Over 160 species of birds have been found infected with West Nile virus (WNV). The mortality rate of crows infected with WNV is very high. Because of this, we use crows as an indicator for WNV presence. Crows that are in good condition will be tested by the New Jersey Department of Health for WNV. NJDOH will only test birds that have not been dead for more than 48 hours.
What do I do if the bird has been dead for more than 48 hours?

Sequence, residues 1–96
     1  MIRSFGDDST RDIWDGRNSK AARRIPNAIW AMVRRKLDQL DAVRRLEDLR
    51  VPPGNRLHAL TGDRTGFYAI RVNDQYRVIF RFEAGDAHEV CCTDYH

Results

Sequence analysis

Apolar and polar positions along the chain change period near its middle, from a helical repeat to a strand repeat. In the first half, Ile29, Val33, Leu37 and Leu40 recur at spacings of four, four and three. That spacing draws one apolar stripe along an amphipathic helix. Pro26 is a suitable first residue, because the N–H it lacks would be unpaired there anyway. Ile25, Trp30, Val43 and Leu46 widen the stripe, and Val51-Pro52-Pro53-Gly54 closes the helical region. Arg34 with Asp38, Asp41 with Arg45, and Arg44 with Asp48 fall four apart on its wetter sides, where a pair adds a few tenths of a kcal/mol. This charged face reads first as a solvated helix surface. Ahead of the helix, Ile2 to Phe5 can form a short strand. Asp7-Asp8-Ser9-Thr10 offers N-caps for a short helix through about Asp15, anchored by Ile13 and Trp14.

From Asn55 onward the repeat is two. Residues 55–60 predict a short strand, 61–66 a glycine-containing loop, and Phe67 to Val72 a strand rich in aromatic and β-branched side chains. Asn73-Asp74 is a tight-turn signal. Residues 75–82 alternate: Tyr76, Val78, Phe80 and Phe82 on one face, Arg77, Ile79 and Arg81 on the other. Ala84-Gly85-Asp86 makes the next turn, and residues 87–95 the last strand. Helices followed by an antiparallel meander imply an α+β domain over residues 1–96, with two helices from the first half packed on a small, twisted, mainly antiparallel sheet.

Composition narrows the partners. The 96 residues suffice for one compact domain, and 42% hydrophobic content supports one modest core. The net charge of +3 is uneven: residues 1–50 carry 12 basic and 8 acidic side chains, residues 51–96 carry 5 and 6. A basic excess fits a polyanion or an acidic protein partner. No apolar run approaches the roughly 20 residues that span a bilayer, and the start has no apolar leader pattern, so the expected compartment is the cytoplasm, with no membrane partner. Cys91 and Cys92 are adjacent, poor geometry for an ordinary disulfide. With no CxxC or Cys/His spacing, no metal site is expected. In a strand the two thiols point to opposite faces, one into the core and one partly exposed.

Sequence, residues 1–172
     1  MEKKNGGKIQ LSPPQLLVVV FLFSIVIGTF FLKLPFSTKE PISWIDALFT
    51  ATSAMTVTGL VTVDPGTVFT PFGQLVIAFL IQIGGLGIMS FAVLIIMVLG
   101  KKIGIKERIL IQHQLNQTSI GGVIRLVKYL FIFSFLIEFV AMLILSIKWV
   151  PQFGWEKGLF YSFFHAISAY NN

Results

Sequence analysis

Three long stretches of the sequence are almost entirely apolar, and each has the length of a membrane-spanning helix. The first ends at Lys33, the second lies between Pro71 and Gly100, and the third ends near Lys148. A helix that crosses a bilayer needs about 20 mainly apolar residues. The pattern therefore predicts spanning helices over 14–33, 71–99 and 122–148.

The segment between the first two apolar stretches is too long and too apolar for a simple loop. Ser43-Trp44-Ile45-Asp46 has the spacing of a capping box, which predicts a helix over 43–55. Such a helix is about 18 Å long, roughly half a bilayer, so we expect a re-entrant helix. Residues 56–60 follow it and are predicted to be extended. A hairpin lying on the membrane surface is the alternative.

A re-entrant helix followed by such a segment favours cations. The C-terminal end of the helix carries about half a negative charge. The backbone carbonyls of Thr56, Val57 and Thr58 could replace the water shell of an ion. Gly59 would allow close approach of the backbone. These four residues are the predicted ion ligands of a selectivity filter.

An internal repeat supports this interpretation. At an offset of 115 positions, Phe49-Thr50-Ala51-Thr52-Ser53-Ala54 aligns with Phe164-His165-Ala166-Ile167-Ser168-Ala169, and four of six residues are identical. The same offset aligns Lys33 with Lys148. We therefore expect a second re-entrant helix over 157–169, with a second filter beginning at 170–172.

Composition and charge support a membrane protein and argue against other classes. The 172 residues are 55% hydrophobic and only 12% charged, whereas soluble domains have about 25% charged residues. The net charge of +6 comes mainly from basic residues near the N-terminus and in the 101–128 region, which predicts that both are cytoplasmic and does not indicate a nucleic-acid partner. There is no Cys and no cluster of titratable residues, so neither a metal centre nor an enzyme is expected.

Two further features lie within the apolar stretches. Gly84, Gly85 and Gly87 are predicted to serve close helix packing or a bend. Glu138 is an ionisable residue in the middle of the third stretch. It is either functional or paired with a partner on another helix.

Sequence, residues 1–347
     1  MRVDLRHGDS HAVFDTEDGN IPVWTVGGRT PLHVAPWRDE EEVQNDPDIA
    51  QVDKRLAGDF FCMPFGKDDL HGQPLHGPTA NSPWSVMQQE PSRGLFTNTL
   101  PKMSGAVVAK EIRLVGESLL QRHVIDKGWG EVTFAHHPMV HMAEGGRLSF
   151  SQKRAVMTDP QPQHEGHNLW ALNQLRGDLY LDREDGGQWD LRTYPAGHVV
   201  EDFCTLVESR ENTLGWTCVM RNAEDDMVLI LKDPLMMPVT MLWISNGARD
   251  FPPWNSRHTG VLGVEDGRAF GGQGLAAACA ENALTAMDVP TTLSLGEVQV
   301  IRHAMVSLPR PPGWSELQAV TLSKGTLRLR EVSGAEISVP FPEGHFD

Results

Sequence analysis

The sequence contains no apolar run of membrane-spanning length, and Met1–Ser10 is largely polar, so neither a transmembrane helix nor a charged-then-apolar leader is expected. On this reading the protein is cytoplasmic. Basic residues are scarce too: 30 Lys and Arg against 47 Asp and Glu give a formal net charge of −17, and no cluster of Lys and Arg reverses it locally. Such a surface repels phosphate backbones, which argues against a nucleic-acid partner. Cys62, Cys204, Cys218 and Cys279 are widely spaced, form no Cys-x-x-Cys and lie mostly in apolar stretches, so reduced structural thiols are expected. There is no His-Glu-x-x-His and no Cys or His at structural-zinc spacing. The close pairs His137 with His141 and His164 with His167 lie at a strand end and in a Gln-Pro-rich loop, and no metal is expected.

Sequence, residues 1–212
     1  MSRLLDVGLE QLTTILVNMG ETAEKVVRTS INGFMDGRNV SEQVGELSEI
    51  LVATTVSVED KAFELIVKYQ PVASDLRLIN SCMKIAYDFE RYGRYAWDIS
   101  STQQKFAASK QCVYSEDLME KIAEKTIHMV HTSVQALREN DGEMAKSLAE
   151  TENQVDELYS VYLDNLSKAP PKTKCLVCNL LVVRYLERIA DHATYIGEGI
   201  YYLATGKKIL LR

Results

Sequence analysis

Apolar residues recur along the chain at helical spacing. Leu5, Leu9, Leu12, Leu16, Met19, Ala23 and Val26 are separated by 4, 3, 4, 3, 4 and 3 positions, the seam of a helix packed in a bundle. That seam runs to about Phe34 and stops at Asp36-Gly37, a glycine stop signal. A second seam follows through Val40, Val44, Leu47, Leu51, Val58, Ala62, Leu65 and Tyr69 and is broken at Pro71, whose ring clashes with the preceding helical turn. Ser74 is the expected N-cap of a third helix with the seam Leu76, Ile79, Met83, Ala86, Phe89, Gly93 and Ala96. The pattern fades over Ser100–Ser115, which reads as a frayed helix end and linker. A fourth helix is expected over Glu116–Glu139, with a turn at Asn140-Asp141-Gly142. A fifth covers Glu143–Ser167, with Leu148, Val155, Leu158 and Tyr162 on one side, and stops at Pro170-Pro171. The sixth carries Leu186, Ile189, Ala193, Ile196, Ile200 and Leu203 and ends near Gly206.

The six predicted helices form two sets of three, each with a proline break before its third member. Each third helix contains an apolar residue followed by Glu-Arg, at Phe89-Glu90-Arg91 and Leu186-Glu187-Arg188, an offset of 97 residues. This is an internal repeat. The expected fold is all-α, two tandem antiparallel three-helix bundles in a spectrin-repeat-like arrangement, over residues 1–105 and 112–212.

Please notify the local health department of the address of the dead crow, as this information will be used for mosquito control and epidemiological purposes.
How do I dispose of dead birds if the local health department cannot come out and collect the bird?
How to Dispose of Dead Crows or Other Dead Birds
Residents in rural areas may choose to bury the birds. Make certain they are buried deeply so that dogs, cats, coyotes or vermin won't dig them up.
How will I know if the bird I called in for submission is Positive for West Nile virus?
The Office of Mosquito Control will call you if the bird is confirmed positive.